Fly Patterns

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Midge Parachute Emerger

Sent in by Dave Abraham


If there is one pattern a fly angler shouldn’t be without it is some kind of midge pattern. These tiny insects are abundant in our streams and are available to trout almost all year long. For fishing Midges below the surface there are many good patterns to use including Al’s Rat, Zebra midge and the Serendipity just to name a few. On the surface it’s hard to beat a Griffith’s Gnat which imitates a midge cluster. The pattern I use for midging trout is a parachute pattern tied on a Dai-Riki #125 emerger hook. I really like this hook for tiny flies. I tie my tricos and micro nymphs on it since it has a wider gape than a standard hook. The other plus with this hook is since there is not a lot of shank you can downsize you pattern a bit if need be.

Hook - Dai-Riki #125 size 20 and smaller

Tail - white Zlon

Body - black thread

Rib - Gold or silver wire

Post - White Zlon

Hackle - Grizzly

Thread - 8/0 Uni or smaller


Tying steps:

·         Step 1. Mash the barb and tie in one hook eye length behind the eye. Cut off a section of white Zlon about ½“ in  length and separate it into 2 even pieces. The Zlon will be your parachute post with enough material to tie 2 patterns. Next pull about 3 strands out which will be tied in for a trailing shuck.

·         Step 2. Take the 1 piece of Zlon and tie that in at the halfway point with cross wraps on top of the hook shank. With it tied in good and secure, hold the Zlon straight up and start making wraps around the base to post it up. Make about 4 wraps up the post and back down ending your thread behind the post.

·         Step3. Take the 3 strands of Zlon and tie them in wrapping backward and around the bend of the hook a little. Don’t get concerned with the tail length since it will be cut off later.

·         Step 4. Tie in the wire on top of the hook shank and wrap your thread forward touching turns to just behind the post. The thread wraps will form the abdomen of the fly.

·         Step 5. Rib the abdomen making about 4 spiral turns and tie it down. Helicopter the tag end of the wire for a clean break.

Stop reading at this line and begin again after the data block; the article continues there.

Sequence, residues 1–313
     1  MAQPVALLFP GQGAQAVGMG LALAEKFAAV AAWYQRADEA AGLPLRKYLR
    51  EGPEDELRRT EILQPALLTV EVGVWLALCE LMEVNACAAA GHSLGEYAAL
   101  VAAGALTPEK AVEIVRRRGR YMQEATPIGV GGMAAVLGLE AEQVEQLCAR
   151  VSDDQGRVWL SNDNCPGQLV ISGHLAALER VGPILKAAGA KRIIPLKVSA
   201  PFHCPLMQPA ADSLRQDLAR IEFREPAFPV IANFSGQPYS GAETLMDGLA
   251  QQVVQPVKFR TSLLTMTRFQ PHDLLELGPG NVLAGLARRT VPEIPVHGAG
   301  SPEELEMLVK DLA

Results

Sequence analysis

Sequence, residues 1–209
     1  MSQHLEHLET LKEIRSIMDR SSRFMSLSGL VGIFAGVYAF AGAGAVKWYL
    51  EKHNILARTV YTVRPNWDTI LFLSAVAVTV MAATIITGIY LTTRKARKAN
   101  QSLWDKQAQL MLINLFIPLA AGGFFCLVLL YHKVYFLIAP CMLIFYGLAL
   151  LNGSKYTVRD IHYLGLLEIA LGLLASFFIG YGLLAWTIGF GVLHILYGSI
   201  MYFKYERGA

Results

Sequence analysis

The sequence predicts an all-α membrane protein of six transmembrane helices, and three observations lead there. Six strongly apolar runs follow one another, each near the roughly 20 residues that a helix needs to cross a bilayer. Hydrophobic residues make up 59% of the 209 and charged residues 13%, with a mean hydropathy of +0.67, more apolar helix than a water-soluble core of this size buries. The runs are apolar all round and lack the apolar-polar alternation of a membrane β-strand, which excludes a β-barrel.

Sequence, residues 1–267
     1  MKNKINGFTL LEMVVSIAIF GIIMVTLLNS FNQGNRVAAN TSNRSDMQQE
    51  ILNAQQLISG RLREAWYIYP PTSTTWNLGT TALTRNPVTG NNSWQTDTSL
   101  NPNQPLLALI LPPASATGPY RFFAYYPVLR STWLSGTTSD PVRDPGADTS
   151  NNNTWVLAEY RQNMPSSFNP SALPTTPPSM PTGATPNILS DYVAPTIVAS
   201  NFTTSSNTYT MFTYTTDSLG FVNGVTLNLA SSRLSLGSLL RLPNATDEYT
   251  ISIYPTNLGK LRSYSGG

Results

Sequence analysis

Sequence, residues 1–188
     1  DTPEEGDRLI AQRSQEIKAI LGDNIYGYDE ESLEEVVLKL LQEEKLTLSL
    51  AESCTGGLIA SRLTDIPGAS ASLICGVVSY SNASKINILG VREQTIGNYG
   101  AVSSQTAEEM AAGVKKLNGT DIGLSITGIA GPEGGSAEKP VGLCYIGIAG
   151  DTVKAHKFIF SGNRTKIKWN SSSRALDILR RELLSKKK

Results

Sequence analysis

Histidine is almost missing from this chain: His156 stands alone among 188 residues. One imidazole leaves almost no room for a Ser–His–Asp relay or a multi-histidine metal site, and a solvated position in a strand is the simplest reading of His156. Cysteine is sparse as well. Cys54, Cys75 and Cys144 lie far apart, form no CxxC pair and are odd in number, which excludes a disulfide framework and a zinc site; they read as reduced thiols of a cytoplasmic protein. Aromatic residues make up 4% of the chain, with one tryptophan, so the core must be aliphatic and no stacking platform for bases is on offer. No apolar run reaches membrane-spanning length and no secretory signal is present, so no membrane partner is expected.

·         Step 6. Prepare the rooster hackle by stripping off some of the fibers from the stem. Tie in the hackle with the underside facing you. Holding the hackle straight up make 4-5 thread wraps upward and back down securing the stem to the post. I usually apply a very small amount of Zap-A-Gap to the wraps at this point.

·         Step 7. Wind your thread to the eye and back to the post forming the Thorax area ending that your bobbin is on the back side of the hook and in front of the post.

·         Step 8. Wrap your hackle around the post and continue wrapping downward. Notice by tying the hackle in with the dull or under side facing you the fibers should be facing upward slightly. Now for the tricky part, tying the hackle off. There are several ways to accomplish this but the one I find easiest for me to do is the following method. By holding the hackle tip backward after the last wrap bring your thread under the wraps to catch the stem. Carefully loosen the jaws and re-positioning the hook that the eye is pointing downward. This makes it easy to make a 4 turn whip finish.

·         Step 9. Cut the hackle and thread off. And trim the tail down to about the length of hook. Your fly is now complete.

·         Step 10. Gink the thorax area only and your leader and look for feeding fish. Enjoy!


Submitted by Dale Ott-
FLY TYING PATTERNS: Terrestrials: Cicada
  Hook: TMC 200R, sizes 8 and 10 
  Thread: Olive 6/0 
  Body: Clipped olive deer body hair 
  Wing: Shaped Shimazaki Fly Wing over pearl Krysal Flash 
  Head: Head & Collar: Olive deer hair 
  Eyes: Black monofilament 
  Collar: Head & Collar: Olive deer hair